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  • Man of the West

    This late CinemaScope western (1958) by the great Anthony Mann achieves a tragic intensity and a monumental scenic splendor despite some serious handicaps: a stagy villain (Lee J. Cobb), an awkward lead actress (Julie London), and a screenwriter accustomed to working with confined spaces (TV dramatist Reginald Rose), none of whom complement the film's quintessentially cinematic hero (Gary Cooper in one of his last and best performances). more...
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  • Meek's Cutoff (PG)

    Imagine a collaboration between John Ford and Wallace Stevens and you might get a sense of what Kelly Reichardt (Wendy and Lucy) pulls off here: a sincere re-creation of the pioneer experience, brought to life through careful, often unexpected detail. more...
  • Rio Grande (NR)

    The final film of John Ford's cavalry trilogy (1950), dealing with an army colonel and his estranged wife (John Wayne and Maureen O'Hara) brought together during the Apache wars near the Mexican border. more...
  • River of No Return

    Marilyn Monroe and Robert Mitchum search for her missing husband in this excellent 1954 western by Otto Preminger, one of the first films to discover the potential of CinemaScope and a fine example of Preminger's rational approach to the mysteries of personal morality. more...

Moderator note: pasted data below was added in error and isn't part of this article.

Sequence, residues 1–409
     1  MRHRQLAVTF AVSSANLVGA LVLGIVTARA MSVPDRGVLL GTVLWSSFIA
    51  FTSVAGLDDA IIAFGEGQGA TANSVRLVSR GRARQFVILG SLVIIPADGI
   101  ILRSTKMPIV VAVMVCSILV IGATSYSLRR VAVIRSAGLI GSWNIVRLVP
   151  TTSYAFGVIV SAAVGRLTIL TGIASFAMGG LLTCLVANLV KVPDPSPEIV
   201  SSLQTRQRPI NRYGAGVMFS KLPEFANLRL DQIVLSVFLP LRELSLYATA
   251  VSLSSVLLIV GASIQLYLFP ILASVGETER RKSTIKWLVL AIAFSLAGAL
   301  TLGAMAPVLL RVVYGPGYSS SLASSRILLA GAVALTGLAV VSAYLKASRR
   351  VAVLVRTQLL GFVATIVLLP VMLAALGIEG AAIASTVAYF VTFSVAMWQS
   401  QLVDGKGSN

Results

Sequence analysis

• Sabata (PG-13)

    Lee Van Cleef stars in this lively 1969 spaghetti western as the title character, a black-clad crusader for justice, loosely defined. more...
  • The Salvation
  • The Salvation

    The decline of the Hollywood western runs parallel to the dwindling of Americans' faith in their own country; filmmakers overseas don't have to carry all that baggage, which might explain why the last great western, The Proposition (2005), was made in Australia. more...
  • Stagecoach

    It's fashionable to put down John Ford's 1939 classic; certainly it's the weakest of Ford's major westerns, burdened with a schematic and pretentious Dudley Nichols script (the "cross section of society" on board the stagecoach), but its virtues remain intact. more...